Editor’s note: Mountain Bike Trail Guide, by Bulletin outdoor writer Mark Morical, features various trails in Central Oregon and beyond. The trail guide appears in Adventure Sports on alternating Fridays through the riding season.

Every year I encounter a late-summer mountain biking rut when I simply refuse to get on my bike.

The dusty trails seem featureless and boring, it’s too hot, and I’m too busy with other stuff.

Again this year, I found myself in that same rut. I rode singletrack only a handful of times in August.

I needed something to remind me of why I love mountain biking. I found it earlier this week — in the Ochoco Mountains.

The Ochocos have it all: gut-busting climbs, cliff-side exposure, electrifying descents, spectacular vistas, wildflowers and solitude.

Located east of Prineville, the Ochocos feature trails that are different from those closer to Bend, offering mountain bikers a more challenging, backcountry experience in a truly distinctive place.

Lookout Mountain, the highest point in the Ochocos at 6,926 feet, is perhaps the location in the mountain range most frequently visited by bikers. The summit can be reached via several routes, but the highlight is the descent along the Lookout Mountain Trail, which features eight miles of fast, hair-raising downhill.

The terrain in the Ochocos is rugged and remote, and it offers a sense of adventure and isolation that is sometimes missing in present-day mountain biking.

It had been three years since I had ridden up and down Lookout Mountain, and it was time to go back.

But I was nervous about a few things: getting lost, hurtling off a hundred-foot cliff and cougars.

Luckily, the U.S. Forest Service has recently added a few signs, making it much easier to navigate the remote trail system. But those new signs include cougar warnings.

After parking near the Ochoco Ranger Station, I began the climb up the paved Forest Service Road 42. After about six miles of asphalt, I arrived at a trailhead. Singletrack trail options there included Round Mountain, Independence Mine and Lookout Mountain.

I took a right on the Lookout Mountain Trail (No. 804) and immediately began climbing ... and climbing.

The uphill seemed interminable, marked by several steep, punishing sections through a mixed conifer and ponderosa pine forest.

The ascent continued through thick vegetation and yellow and purple wildflowers. Every now and then the forest would open up into a meadow, offering sprawling views of the gently sloped Ochocos.

After 3,000 feet of elevation gain, the top of Lookout Mountain was a welcome sight. The summit is not much but a broad swath of sagebrush above the tree line. To the west is a sheer drop-off, with the rolling green mountains in the distance.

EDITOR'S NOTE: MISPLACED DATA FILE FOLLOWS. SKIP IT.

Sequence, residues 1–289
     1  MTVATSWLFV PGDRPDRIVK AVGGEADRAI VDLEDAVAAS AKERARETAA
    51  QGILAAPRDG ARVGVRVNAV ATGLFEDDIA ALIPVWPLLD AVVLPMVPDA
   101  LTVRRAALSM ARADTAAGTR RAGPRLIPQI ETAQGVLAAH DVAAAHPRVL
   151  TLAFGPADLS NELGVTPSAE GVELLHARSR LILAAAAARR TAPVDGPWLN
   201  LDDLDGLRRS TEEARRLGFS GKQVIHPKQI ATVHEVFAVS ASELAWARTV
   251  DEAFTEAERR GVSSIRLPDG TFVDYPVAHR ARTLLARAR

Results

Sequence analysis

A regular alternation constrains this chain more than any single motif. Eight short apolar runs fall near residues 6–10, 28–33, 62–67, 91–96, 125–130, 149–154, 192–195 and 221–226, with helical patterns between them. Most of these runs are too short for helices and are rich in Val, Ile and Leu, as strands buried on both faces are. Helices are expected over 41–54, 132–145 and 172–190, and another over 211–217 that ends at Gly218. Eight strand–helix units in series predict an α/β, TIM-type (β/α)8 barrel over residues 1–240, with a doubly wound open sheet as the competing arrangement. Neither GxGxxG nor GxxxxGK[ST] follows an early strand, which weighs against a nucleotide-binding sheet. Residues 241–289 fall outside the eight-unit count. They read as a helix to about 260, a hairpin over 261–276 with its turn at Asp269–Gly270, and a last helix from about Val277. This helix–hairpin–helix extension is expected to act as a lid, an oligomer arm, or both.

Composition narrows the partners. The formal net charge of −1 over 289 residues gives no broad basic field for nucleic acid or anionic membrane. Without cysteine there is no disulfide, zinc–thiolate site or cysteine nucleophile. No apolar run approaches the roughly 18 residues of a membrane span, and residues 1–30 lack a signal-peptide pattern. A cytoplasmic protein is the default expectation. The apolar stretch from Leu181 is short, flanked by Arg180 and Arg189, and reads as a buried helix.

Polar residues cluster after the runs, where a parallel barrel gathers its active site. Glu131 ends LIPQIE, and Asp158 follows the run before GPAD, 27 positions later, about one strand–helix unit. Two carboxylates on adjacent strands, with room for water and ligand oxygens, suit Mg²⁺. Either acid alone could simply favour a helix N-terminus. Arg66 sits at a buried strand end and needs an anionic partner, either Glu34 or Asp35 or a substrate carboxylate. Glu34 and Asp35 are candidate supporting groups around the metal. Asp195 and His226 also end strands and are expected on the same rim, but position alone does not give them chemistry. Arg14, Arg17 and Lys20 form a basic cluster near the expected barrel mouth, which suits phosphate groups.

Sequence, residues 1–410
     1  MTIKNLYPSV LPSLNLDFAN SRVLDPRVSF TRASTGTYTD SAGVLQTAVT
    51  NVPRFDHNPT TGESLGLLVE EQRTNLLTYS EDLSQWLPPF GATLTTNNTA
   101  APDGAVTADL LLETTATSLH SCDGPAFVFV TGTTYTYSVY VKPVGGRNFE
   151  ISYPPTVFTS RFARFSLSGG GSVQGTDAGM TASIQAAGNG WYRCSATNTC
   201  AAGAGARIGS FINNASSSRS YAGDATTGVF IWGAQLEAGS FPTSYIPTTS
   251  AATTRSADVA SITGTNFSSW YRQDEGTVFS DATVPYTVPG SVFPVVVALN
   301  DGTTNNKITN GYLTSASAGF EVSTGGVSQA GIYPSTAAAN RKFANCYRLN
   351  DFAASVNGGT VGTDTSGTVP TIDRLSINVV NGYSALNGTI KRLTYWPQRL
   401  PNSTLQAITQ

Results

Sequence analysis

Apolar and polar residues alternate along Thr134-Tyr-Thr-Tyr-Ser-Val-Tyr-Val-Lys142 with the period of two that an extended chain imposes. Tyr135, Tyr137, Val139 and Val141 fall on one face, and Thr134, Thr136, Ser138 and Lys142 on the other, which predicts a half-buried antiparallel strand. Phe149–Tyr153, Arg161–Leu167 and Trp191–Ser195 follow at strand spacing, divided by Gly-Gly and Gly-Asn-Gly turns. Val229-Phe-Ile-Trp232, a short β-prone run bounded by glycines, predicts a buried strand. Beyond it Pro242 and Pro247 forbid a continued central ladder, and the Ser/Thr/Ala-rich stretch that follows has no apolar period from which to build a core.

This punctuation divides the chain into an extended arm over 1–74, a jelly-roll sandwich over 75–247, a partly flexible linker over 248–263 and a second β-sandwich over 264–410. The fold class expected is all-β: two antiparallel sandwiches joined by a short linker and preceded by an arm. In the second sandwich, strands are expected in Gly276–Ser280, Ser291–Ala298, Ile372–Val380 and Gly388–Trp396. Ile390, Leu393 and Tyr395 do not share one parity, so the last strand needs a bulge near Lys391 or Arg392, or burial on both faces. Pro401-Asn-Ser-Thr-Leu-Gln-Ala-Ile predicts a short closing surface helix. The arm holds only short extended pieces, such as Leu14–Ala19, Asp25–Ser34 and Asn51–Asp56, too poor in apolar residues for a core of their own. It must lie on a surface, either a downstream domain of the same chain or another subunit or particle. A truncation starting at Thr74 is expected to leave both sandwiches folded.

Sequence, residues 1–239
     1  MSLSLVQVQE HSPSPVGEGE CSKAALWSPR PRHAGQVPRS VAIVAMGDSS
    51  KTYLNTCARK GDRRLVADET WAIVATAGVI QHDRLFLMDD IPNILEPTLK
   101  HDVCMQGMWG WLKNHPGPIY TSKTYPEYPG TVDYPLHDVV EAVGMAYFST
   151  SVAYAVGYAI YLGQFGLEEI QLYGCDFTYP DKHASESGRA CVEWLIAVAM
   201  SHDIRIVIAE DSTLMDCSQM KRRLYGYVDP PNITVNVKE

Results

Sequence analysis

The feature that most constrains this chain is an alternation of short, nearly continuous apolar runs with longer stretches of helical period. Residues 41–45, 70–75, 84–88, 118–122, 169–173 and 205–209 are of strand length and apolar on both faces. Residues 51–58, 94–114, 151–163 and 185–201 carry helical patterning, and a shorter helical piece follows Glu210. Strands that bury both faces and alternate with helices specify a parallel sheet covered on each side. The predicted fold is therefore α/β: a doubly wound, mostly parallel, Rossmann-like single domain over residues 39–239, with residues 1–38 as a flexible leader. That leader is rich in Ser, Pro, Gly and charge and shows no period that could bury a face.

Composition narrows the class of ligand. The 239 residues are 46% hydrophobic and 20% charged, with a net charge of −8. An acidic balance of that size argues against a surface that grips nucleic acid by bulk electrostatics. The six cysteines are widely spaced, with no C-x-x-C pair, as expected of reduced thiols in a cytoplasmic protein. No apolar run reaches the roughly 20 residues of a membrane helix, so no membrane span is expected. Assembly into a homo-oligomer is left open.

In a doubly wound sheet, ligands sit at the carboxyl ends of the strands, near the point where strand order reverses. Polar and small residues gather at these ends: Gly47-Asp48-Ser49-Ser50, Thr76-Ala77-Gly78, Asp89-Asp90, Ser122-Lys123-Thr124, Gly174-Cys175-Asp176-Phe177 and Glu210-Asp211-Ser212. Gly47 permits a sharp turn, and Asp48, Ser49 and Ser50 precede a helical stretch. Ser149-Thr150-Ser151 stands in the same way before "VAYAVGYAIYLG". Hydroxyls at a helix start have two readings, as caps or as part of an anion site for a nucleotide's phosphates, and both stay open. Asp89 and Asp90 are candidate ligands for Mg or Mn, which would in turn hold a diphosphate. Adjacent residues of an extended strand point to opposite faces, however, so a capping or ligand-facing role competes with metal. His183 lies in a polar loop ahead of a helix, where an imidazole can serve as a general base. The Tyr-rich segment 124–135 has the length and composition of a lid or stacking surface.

The panorama atop Lookout provides a glimpse of Oregon’s diverse terrain, the brown and barren desert to the east and the dark green of the Ochocos to the west. Normally the peaks of the Cascades would be visible to the southwest, but on this day those mountains were shrouded by smoke from wildfires.

After eating lunch at the summit, I prepared for the teeth-chattering descent of Lookout Mountain.

The trail cuts along the knife edge of a cliff — a drop of hundreds of feet awaiting had I somehow veered just a few feet off the trail.

I had to stay on the trail while simultaneously negotiating extremely technical rock gardens and managing the fear of straying too close to that sheer cliff.

In some of the more exposed places, I chose to dismount my bike and walk.

The trail included a couple more miles of abusive, rock-strewn downhill riding before turning into a smoother, faster route down the mountain.

The descent is so fast and steep, with a few switchback turns, that bikers would be wise to check their brakes before the ride. Most of the trail is cut along a side hill, though riders there are not nearly as exposed as they are atop Lookout Mountain.

While quite technical in spots, the screaming downhill was a thrilling release after the grueling climb.

Before long, I was at the ranger station, exhausted but back in the mountain-biking spirit.

The route was about 18 miles long, and I covered it in about four hours. But I had experienced only a small sample of the trails in the Ochocos — Lookout Mountain can be combined with Round Mountain Trail for an epic loop of some 35 miles.

If you hit the rut, you know where to find renewal.

Breaking down the trail: Lookout Mountain


From Prineville, take U.S. Highway 26 east to Forest Service Road 22 (follow sign to Walton Lake). Park at the Ochoco Ranger Station (about an hour and 15 minutes from Bend). Options for ascending Lookout Mountain include riding up the paved FR 42. After about six miles, turn onto the Lookout Mountain Trail, No. 804. This singletrack trail climbs to the top of Lookout Mountain and then descends back down to the trailhead, across the road from the ranger station. TREADMAPS Central Oregon Part 2 includes trails in the Ochocos and is available at local bike shops.

Trail Features

Lots of strenuous climbing along paved road and singletrack with incredible views atop Lookout Mountain. Some rocky, technical portions are extremely challenging along the eight miles of ridge-line, downhill singletrack back to the ranger station.


The FR 42 and Lookout Mountain Trail loop is about 18 miles and takes four to six hours to complete. Other options are possible for even longer loops, including combining the Lookout Mountain and Round Mountain trails for some 35 miles of riding.


Aerobically strenuous and technically difficult.